Parents cautioned about new 'Harry Potter' film - 13 WTHR Indianapolis

Parents cautioned about new 'Harry Potter' film

Updated:
The new "Harry Potter" film opens tomorrow at midnight. The new "Harry Potter" film opens tomorrow at midnight.
Experts say parents may want to watch the movie with their children. Experts say parents may want to watch the movie with their children.
Theaters have sold out many showings of the new movie. Theaters have sold out many showings of the new movie.

David MacAnally/Eyewitness News

Indianapolis - The latest "Harry Potter" movie comes out at midnight tomorrow, but it might not get top billing with every family.

Does a movie scene still freak you out decades later? Experts say parents now need to think about their children before heading to the theater.

In Harry Potter's other-wordly world, they deal with fears, love, and death. Harry has dealt with death since the first film, when he lost his parents. But as the series flies by faster than his Nimbus 2000, characters close to him face their final act.

Purdue Professor Heather Servaty-Seib says the new film "might be a deeper issue this time, because of the face there is such a significant character that dies."

Young moviegoers are calling the films "cool" and are excited to see the new one. But some experts have a warning for adults.

"[If] the parent has any reservation about how the child reacts to this kind of intense content in films, the imagery and if there's a history in the child's history of being sensitive to those kinds of images, I will suggest they just pass on it," said Purdue Professor Glenn Sparks. "Not all children are going to be uniformly scared of this thing. Parents really have to know their child."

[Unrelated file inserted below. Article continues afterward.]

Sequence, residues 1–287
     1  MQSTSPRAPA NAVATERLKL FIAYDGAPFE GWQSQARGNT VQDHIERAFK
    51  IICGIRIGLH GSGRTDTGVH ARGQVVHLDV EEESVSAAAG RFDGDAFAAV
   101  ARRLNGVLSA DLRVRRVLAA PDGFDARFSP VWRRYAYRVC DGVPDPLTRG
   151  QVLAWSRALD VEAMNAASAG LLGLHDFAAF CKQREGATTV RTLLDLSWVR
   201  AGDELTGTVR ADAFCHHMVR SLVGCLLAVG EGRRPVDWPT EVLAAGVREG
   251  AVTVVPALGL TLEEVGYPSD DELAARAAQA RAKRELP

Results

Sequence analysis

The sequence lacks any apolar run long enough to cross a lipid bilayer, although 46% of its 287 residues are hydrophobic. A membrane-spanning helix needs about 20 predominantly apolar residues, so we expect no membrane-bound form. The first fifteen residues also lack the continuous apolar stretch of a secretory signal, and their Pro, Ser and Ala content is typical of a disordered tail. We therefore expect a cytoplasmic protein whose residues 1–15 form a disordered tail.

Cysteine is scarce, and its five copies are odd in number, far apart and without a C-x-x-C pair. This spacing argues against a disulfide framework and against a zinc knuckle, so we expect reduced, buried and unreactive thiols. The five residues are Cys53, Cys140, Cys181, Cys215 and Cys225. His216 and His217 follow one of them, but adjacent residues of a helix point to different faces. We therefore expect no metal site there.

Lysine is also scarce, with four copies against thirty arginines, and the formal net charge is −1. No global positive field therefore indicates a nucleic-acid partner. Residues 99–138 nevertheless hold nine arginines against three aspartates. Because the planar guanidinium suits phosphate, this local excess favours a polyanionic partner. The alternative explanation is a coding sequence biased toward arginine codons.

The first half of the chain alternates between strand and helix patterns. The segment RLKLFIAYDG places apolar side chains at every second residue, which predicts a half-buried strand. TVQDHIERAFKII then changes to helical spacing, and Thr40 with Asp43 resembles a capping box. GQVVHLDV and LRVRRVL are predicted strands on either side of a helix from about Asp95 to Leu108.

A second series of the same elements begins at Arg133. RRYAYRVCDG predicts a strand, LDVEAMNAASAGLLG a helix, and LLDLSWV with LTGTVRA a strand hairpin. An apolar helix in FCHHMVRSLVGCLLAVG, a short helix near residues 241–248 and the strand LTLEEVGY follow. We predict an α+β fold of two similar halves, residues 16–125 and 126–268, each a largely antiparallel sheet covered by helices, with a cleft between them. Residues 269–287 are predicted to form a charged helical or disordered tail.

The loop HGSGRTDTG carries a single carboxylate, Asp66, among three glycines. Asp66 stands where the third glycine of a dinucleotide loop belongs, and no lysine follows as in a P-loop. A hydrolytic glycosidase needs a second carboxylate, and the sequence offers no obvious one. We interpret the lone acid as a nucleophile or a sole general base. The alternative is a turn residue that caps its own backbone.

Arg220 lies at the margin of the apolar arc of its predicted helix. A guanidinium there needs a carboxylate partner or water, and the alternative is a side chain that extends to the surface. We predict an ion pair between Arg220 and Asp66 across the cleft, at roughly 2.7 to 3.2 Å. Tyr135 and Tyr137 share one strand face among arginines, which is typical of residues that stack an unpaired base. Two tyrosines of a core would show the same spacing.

At a Lafayette pool Monday, some children called the films "scary" and parents said they wouldn't be going. While children may read the Harry Potter books, or hear them read watching the film may be a different story.

"It doesn't necessarily mean they are ready to see the movie," Servaty-Seib said. "They have complete control of the images that are produced in the text, but when they see a movie, they can't control those images."

With or without kids, at Lafayette's Wabash Landing Theater, they will be lined up. They sold out four theaters within four days of selling tickets to the film.

Experts say it's even a good idea to go with younger children to the film, size up their reaction and be ready to answer their questions.

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